U.S. Republican presidential nominee Donald Trump, in remarks at an African-American church on Wednesday, praised "stop-and-frisk" policing methods that have aroused protests and successful legal challenges for singling out minorities.
The anti-crime tactic in which police stop, question and search pedestrians for weapons or contraband, gained traction in New York City under Mayor Rudy Giuliani, now a top Trump supporter.
But opposition to the practice led police departments in New York, as well as Chicago and Newark, New Jersey, to agree to cut back on its use, in some cases submitting to outside monitoring and improving police training.
"I would do stop-and-frisk. I think you have to," Trump said, according to excerpts of a Fox News "town hall" in Cleveland, after a listener asked what he would do to reduce crime in predominantly Black communities across the nation.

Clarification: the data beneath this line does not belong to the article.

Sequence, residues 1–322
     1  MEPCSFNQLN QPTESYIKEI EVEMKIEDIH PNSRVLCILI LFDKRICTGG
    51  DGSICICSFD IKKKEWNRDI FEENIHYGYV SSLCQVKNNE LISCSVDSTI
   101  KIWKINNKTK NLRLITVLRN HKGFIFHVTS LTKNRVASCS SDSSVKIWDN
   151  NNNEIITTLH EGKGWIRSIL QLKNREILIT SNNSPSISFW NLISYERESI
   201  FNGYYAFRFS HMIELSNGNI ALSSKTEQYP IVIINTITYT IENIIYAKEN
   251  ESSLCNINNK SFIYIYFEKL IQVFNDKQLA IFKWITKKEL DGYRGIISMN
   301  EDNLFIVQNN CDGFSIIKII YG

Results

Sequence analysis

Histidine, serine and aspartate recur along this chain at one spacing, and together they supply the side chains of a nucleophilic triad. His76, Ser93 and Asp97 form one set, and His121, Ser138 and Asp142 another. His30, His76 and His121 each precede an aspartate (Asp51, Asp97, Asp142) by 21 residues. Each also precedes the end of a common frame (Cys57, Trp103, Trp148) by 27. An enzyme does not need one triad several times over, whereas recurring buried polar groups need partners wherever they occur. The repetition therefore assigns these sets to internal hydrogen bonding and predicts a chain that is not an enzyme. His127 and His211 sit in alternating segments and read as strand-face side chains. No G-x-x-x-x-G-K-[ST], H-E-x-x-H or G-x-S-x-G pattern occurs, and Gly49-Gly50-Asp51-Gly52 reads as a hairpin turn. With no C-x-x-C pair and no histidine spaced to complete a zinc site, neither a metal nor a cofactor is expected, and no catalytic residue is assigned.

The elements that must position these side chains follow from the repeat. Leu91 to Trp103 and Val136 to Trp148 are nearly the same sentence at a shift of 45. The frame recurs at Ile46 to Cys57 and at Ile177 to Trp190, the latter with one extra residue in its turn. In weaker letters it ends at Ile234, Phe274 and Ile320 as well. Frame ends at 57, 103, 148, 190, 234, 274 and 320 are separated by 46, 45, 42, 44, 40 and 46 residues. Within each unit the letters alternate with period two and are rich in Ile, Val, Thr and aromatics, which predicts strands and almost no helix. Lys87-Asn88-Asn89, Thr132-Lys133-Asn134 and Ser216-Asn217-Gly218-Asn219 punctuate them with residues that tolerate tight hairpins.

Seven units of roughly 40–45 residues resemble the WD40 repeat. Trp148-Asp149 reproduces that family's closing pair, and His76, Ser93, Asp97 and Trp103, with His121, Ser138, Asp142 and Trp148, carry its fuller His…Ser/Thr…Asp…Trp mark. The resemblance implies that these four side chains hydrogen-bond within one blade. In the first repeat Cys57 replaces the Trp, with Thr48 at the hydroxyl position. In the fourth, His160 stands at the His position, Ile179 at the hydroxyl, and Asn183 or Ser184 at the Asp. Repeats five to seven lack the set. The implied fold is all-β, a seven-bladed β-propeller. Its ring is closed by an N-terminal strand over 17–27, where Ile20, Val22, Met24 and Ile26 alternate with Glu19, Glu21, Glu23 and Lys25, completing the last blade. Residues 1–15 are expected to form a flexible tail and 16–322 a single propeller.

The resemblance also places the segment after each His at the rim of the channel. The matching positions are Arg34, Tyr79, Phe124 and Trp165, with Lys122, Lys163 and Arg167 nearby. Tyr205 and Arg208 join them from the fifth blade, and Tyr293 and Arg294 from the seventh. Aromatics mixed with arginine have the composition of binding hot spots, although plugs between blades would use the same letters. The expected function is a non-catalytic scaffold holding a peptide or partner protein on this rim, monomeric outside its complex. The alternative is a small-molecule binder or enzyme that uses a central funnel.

"I see what's going on here, I see what's going on in Chicago, I think stop-and-frisk. In New York City it was so incredible, the way it worked," he added.
Ending the practice in New York was a key plank of Democrat Bill de Blasio's successful 2013 run for mayor.
As the race between Trump and Democrat Hillary Clinton tightens ahead of the Nov. 8 election, he has been reaching out to African-American voters, shown by opinion polls to largely favor Clinton.
Trump has portrayed himself as the "law-and-order candidate." Clinton has criticized many of his proposals as unconstitutional attacks on so-called American "freedoms."